## Google Interview Question for Software Engineer / Developers

Country: United States
Interview Type: Phone Interview

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32
of 32 vote

This is a recursive version, alternatively it can be done using DP.

``````function max_coin( int *coin, int start, int end ):
if start > end:
return 0

int a = coin[start] + min( max_coin( coin, start+2,end ), max_coin( coin, start+1,end-1 ) )
int b = coin[end] + min( max_coin( coin, start+1,end-1 ), max_coin( coin, start,end-2 ) )

return max(a,b)``````

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1
of 1 vote

yeah, dp classical problem. in O(n^2)

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0

Check the recurrence within the solution. Formulate it within a 2-D DP structure.

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0

Can you explain the logic ?

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6

For player A : he can pick up coin in first place or last place, for each of these case player B can further pick from first or last place from remaining coins. But for A to win/maximize coins, coins collected by B should be minimum while that of A should be maximized.

If A selects coin[i], then B can choose coin[i+1] or coin[array_size]

If A selects coin[array_last], then B can choose coin[i] or coin[array_last-1]

We will simulate such that every function call will start from A's turn. This will give us the given recursive function.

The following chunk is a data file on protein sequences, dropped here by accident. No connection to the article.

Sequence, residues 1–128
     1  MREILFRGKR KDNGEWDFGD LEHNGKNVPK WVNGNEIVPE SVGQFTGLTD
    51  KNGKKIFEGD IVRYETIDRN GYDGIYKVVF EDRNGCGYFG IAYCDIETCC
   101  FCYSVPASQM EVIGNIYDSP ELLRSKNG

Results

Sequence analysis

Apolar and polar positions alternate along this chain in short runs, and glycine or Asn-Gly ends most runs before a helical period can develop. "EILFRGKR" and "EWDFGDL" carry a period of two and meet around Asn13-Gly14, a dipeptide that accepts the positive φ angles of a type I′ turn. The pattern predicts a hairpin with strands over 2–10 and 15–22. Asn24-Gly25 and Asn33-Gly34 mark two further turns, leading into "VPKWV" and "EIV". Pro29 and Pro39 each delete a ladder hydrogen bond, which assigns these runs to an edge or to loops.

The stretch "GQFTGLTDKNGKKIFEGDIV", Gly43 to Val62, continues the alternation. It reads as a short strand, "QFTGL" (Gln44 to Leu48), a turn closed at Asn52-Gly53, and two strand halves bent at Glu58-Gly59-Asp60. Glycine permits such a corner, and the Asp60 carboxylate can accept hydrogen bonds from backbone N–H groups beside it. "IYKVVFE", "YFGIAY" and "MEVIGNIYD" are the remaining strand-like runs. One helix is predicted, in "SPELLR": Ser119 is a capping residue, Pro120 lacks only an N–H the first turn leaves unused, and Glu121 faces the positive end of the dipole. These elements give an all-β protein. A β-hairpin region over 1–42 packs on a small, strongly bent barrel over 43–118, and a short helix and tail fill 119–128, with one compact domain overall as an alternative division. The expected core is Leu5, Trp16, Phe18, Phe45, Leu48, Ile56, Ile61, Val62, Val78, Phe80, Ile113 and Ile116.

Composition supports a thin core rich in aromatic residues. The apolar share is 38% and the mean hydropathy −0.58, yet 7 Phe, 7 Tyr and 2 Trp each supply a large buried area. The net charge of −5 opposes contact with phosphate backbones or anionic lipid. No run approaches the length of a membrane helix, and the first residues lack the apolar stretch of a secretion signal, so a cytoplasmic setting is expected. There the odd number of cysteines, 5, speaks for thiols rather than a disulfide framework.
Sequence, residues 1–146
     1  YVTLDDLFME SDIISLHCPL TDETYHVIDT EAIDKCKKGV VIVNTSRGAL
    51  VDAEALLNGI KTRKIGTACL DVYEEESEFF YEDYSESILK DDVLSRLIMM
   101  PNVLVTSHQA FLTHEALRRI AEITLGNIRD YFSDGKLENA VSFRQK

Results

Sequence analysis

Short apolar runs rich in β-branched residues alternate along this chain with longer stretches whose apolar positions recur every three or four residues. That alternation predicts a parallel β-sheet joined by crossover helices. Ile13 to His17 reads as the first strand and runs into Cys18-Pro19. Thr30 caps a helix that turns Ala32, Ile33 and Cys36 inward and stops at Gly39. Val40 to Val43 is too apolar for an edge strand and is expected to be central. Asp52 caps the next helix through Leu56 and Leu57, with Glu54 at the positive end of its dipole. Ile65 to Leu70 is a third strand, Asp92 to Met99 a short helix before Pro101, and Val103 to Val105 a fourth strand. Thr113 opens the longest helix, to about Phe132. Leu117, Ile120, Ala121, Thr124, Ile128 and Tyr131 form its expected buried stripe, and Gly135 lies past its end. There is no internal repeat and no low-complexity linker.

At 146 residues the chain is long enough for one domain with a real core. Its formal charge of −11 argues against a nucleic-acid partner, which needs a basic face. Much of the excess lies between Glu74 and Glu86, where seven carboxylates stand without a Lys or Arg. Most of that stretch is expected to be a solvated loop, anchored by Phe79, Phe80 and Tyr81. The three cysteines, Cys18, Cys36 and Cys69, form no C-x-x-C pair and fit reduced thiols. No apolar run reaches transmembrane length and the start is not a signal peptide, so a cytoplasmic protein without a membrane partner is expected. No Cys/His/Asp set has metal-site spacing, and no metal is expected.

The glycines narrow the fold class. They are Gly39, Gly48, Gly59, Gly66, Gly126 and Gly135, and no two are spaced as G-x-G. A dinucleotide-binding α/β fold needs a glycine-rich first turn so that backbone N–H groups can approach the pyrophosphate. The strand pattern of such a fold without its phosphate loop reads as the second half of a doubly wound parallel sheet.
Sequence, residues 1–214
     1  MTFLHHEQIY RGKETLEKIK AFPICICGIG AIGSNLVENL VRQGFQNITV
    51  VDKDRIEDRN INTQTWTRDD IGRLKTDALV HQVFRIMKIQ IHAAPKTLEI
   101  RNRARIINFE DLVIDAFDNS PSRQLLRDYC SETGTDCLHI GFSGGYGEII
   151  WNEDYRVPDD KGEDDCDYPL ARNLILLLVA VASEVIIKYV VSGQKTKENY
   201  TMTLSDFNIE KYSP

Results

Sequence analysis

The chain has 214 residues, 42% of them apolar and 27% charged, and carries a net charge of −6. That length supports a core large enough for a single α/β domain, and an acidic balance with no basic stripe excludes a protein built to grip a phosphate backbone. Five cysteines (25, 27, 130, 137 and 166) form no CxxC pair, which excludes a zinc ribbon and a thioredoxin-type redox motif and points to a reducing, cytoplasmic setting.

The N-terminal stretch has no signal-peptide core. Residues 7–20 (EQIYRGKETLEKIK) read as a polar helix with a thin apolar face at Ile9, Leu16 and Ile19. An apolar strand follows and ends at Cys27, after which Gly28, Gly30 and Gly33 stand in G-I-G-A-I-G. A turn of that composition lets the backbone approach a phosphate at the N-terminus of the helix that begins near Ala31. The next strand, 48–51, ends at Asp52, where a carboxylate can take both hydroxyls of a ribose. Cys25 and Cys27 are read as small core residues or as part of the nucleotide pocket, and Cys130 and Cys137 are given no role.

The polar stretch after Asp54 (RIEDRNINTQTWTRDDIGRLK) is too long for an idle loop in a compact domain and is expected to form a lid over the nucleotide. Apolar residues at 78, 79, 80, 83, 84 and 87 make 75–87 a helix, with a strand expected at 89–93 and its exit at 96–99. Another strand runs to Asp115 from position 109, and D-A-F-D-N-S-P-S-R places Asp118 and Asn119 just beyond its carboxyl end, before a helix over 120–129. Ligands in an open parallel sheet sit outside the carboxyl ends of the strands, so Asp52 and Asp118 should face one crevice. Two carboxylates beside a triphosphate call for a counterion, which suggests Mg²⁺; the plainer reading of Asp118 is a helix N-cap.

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3

Add DP to it by using map (or you can use 2-D array too)

``````map<pair<int, int>, int, PairCmp> DP_map;
typedef pair<int, int> Key;
// Before that, you need to implement a comparison operator for pair<int, int>, say
struct PairCmp {
bool operator() (const Key& p1, const Key& p2) const {
if (p1.first < p2.first)
return true;
else if (p1.first = p2.first)
return p1.second < p2.second;
else
return false;
}

int max_coin( int *coin, int start, int end ):
if start > end:
return 0
if (DP_map.find(Key(start, end)) != DP_map.end())
return DP_map[Key(start, end)];

int a = coin[start] + min( max_coin( coin, start+2,end ), max_coin( coin, start+1,end-1 ) )
int b = coin[end] + min( max_coin( coin, start+1,end-1 ), max_coin( coin, start,end-2 ) )

int ret = max(a, b);
DP_map[Key(start, end)] = ret;
return ret;
}``````

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0

this solution does not scale. what happens if n is too large? recursion is practically impossible.

this problem is similar to the problem of finding 'perfect' chess strategy. Only that it is a reduced version. At each turn you only have to consider 2 choices, where as in chess it is many.

when n is large, the best you can do is some kind of 'look-ahead' algorithm to make sure by kth move you are not in a worse off position.

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1
of 1 vote

The reason for the min function being used is that the opponent B is also going to want to maximize B's winning when picking the gold pot, essentially leaving A with
the minimum of the two options to choose from in the next round.

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0

If we store profit values in 2-d DP array, it's much simpler.
Profit[i][j] = max(pots[i] - Profit[i+1][j] , pots[j] - Profit[i][j-1])

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4
of 4 vote

Quick question: most (if not all) of the answers above follow this guideline: "for each move I make, calculate the minimum possible profit of the opponent, and select the move that yields the greatest profit", i.e.:

``F(a,b) = max(min(F(a+2, b), F(a+1, b-1)), min(F(a, b-2), F(a+1,b-1)))``